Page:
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How To Overcome The Fear Of Leaving Your Corporate Job For Entrepreneurship (Part 1)

Written by: Kathy Grassett, Executive Contributor

Executive Contributors at Brainz Magazine are handpicked and invited to contribute because of their knowledge and valuable insight within their area of expertise.


Are you tired of waking up with that feeling of dread in the pit of your stomach because you know what awaits you when you walk out your door each workday? Have your priorities in life changed, and the things you used to love about your career are now wearing you down, even affecting your health? Do you feel overworked but underappreciated, undervalued, and like you no longer belong in your chosen profession? Are you fed up with continuously updating your resume and applying for job postings even though you have this sinking feeling that another job doing the same thing just isn’t what you really want? Do you feel like you’re meant for something more and on your own terms? Then why can’t you leave your soul-sucking corporate job?

Woman office worker is taking a deep breath with eyes close before leaving the office.

You rationalize that you would be crazy to leave your safe, stable, well-paying job. You continue to find all the reasons why you shouldn’t leave your draining career and start your own business. You really start to believe that it’s not a good idea, that you can’t do it, or that it’s not worth it. And then you feel even worse because, in addition to feeling miserable, you feel hopeless too. It’s frustrating. You’re trying your hardest to pull yourself out of this unfavorable situation and start building a business you love, but it’s just not working.

On the surface, the solution seems so simple. Leave. Get out of that situation. Just go do something else. Start that business. But you and I know it’s not that simple. You may feel frustrated because you don’t know what else to do. You may feel so stressed and overwhelmed that you can’t think clearly enough to figure out how to change. Maybe you’re full of doubt because you think it’s too late, too hard, or you lack skills. You may think you have no time or energy to pull off such a daunting feat. Or perhaps you’re worried about giving up security or that you can’t make it on anything less than you’re making now.

But these things aren’t the real problem. Time isn’t the real problem. Nor is energy, money, age, skill level, or not knowing what to do or how to do it. The root cause of all these thoughts and perceptions – and the real reason you’re stuck in your career – is fear.

And fear shows up in your life in a variety of ways, such as procrastinating and telling yourself you’ll take the first step next week or next month, or even next year; over-analyzing every factor to the point you just can’t make a decision; perfectionism and believing that all the stars need to be aligned before you can do anything; second-guessing yourself and being overly critical of your every move; denying that there’s even a problem in the first place when you surely know there is and even feeling guilty that this problem consumes so much of your life and takes away from others’ needs that you put it on the back burner to deal with later.

It is possible to leave your corporate career, build a profitable business around your expertise, and completely reinvent your career without overwhelming, crippling self-doubt and taking gigantic risks. And you must know that it’s possible for you too. To understand how it’s first helpful to understand and appreciate the concept of fear.

Why is fear such a problem? Our earliest understanding of fear is that it is an innate human survival mechanism. It is the instinctual feeling we have upon encountering a threat that causes us to flee a situation to avoid harm and even death. Think of a caveman whose instinct is to run from the saber-tooth tiger he sees while hunting, or else he becomes that tiger’s next meal. I think we all understand and appreciate this concept of fear.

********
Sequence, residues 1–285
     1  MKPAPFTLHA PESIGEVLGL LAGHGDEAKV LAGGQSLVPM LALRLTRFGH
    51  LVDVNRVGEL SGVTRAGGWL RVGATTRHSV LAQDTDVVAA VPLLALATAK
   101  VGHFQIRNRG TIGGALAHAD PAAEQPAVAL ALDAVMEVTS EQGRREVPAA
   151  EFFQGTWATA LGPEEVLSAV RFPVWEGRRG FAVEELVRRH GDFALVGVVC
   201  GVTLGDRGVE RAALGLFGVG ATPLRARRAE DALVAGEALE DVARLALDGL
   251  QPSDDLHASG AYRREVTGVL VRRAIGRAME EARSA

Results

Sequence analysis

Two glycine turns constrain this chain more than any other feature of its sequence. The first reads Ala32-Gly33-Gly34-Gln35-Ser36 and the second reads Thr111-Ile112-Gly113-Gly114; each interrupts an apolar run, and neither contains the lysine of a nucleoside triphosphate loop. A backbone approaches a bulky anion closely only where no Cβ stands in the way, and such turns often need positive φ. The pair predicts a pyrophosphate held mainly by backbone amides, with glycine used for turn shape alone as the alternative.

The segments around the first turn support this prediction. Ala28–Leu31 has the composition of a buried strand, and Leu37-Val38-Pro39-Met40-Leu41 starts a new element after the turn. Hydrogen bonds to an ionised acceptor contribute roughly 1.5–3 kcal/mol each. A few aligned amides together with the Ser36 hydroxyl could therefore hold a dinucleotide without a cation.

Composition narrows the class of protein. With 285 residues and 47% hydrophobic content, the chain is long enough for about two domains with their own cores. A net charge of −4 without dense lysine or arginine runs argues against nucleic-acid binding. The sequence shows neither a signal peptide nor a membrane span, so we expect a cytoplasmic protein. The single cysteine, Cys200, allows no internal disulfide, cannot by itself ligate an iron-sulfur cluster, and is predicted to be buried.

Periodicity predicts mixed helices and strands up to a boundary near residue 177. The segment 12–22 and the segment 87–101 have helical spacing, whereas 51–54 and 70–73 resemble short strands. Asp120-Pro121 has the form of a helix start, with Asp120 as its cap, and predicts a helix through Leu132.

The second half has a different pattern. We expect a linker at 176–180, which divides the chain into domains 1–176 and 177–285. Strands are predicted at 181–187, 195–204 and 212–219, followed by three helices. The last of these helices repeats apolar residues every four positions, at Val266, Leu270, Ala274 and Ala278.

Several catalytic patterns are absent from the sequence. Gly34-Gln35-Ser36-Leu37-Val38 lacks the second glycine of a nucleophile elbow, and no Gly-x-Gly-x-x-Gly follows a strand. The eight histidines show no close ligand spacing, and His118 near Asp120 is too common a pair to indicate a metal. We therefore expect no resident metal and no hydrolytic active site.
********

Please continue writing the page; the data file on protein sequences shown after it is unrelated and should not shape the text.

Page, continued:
Modern research suggests that fear is a learned emotion. When we are exposed to an experience that causes some degree of physical or emotional pain, we are conditioned to be fearful of that experience. If you experience a nasty divorce, you’re probably going to be leery of getting married again. This makes sense, too, right?

But in the case of extreme career unhappiness, we’re not faced with an actual threat of harm or death. And, in most cases, we haven’t gone through with a career change to start a business yet to learn what physical or emotional pain we might encounter and, therefore, want to avoid – in fact, that’s our problem, that we can’t seem to leave.

So, what’s the deal? Well, there’s more.

Our brains can construct and reproduce fear based purely on the observation of others enduring a painful situation, whether your friends, coworkers, or even characters in TV shows or movies, and fill in any holes with our imagination. These fears are illusions created by our ego to avoid change. And they can seem as real as any real-life threat to your well-being.

This is what our ego was designed to do. We are programmed, literally hard-wired, to resist change. Because change represents something that could be uncomfortable, maybe even painful, and it wants to spare us from the discomfort and pain. Now, this comes in handy if what you’re considering will influence your survival on this planet. But our brains can’t distinguish between changes that affect our very existence and those we set out to make to improve our lives.

So, if what you’re considering is anything different than what you’re doing now, your brain will stop at nothing to keep you from pursuing it and moving out of that comfort zone. And your brain fabricates all sorts of reasons why the change you’re considering isn’t possible. These irrational fears that you create in your mind override certain brain functions to paralyze you mentally, emotionally, physically, and spiritually. They keep you stuck. Over time, a vicious cycle of negativity erupts from these useless fears that are difficult to escape from and move forward. These useless fears are the ones holding you back.

So, am I saying we can all just make up fears with no real basis? Essentially, yes. And I’m going to bet that you’ve made up a few of your own. The good news is that it’s very common and completely normal.

Well, what are you afraid of? In my work and even just general conversations with hundreds of women, nearly every reason they are stuck can be grouped into one or more of three broad fears.

Fear of the Unknown

Humans find comfort and security in what’s familiar, even if what’s familiar is miserable or harmful to their well-being. This is the reason many women stay in abusive relationships and why so many people stay put in soul-sucking jobs. At least they know what to expect. They know what tomorrow brings. They know the routine. They just know.

Conversely, we panic in unfamiliar territory with little to no information. It’s uncomfortable not knowing what’s going to happen and falling out of a routine. We worry that the alternatives could be worse, so we become paralyzed with this fear and never take a step forward.